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Tag Archives: cancer survivorship

Survivorship Series: Communication Confusion

annekatzby Anne Katz, PhD, RN 

This Monthly Survivorship Series, written by CKN Survivorship Editor, Anne Katz, is provided by CKN with permission from ONS.  We hope this series will become a useful resource that will help to facilitate dialogue between cancer patients, their loved ones and their physicians with a view towards improving the quality of life for cancer survivors.  

Last week I saw a patient who was really con­fused about her treat­ment which was com­pleted at the begin­ning of the year. She has a rather nasty can­cer and I am sure that at the time of diag­no­sis she was in shock and prob­a­bly more than a lit­tle ter­ri­fied. Her surgery fol­lowed pretty quickly after the diag­no­sis and now 4 months later, she is really unclear about what was removed dur­ing surgery, and what remains.

The issue of com­mu­ni­ca­tion within the con­text of can­cer treat­ment and sur­vivor­ship is one that is near and dear to my heart — every day I spend hours com­mu­ni­cat­ing to patients and I am never 100% sure of what they heard and took in and under­stand. I KNOW what I tell patients (I do it over and over) but I don’t know what they hear. And what they under­stand is so impor­tant to their lives.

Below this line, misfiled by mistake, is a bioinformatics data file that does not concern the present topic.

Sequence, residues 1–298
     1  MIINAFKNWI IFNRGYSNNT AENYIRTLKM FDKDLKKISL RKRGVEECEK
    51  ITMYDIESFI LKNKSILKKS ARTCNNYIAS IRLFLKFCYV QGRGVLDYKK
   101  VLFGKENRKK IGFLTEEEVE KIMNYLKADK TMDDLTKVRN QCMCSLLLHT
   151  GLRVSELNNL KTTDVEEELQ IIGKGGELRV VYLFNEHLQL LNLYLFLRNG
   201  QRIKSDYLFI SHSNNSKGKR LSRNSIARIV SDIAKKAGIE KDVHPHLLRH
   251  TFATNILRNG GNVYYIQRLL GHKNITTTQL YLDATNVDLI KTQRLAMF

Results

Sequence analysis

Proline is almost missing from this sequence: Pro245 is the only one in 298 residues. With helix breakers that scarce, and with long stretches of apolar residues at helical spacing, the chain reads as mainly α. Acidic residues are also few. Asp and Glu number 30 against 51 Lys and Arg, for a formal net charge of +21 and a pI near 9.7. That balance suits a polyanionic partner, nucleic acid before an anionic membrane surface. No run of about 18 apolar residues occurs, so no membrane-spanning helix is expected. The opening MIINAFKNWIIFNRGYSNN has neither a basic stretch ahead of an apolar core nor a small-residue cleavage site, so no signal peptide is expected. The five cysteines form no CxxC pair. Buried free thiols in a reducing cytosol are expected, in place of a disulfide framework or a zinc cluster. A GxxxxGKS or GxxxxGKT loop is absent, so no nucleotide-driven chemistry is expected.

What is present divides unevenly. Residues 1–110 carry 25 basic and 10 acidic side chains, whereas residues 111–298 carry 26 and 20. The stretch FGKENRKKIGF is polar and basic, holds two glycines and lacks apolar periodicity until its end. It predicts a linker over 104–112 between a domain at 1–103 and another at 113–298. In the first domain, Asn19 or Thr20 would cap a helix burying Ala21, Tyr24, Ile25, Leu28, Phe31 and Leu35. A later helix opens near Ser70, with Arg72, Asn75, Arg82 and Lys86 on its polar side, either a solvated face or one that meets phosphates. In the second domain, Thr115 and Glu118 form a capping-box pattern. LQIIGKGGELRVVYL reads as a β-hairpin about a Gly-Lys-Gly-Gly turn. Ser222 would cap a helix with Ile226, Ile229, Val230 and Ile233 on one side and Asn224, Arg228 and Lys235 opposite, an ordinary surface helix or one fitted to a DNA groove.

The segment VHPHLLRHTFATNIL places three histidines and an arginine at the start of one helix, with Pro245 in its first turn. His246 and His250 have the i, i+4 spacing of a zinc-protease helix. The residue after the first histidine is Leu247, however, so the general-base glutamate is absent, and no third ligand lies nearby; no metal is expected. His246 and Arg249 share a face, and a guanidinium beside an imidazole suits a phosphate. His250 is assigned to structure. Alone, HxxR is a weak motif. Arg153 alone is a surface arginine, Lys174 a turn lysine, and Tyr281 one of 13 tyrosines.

Now I am not alone in this pro­vi­sion of infor­ma­tion and edu­ca­tion. My physi­cian and nurs­ing col­leagues are also telling them things. We know that after a per­son hears the words “you have can­cer” they hear about 10% of what comes next. That’s a scary num­ber because we all know that a lot of infor­ma­tion is given after they hear those words. Hope­fully it is repeated again and again in the days, weeks and months fol­low­ing diag­no­sis. And hope­fully once treat­ment is over, the per­son is less trau­ma­tized and is bet­ter able to hear what we have to say.

But I’m not sure. And that makes me uncomfortable.

We pro­vide our patients with a raft of sup­port­ing writ­ten and multi-​​media infor­ma­tion. But do they read any of that or watch the DVDs? I know some patients do because they refer to it or call to ask for fur­ther clar­i­fi­ca­tion.  But not every­one calls.  So those who have ques­tions I know about — but what about the others?

I think about this a lot as I go about my day. How do you deal with this com­mu­ni­ca­tion confusion?

 

Survivorship Series: Sexuality = A Survivorship Issue

annekatzby Anne Katz, PhD, RN 

This Monthly Survivorship Series, written by CKN Survivorship Editor, Anne Katz, is provided by CKN with permission from ONS.  We hope this series will become a useful resource that will help to facilitate dialogue between cancer patients, their loved ones and their physicians with a view towards improving the quality of life for cancer survivors.  

 

I am a certified-sex­u­al­ity coun­selor at a large can­cer cen­ter in Winnipeg, Manitoba. Peo­ple I meet (who are not oncol­ogy care providers) often ask if it is dif­fi­cult to work with peo­ple with can­cer. “It must be so sad,” they say. “How do you han­dle it when your patients die?” As oth­ers: “You must be so brave…”

Huh?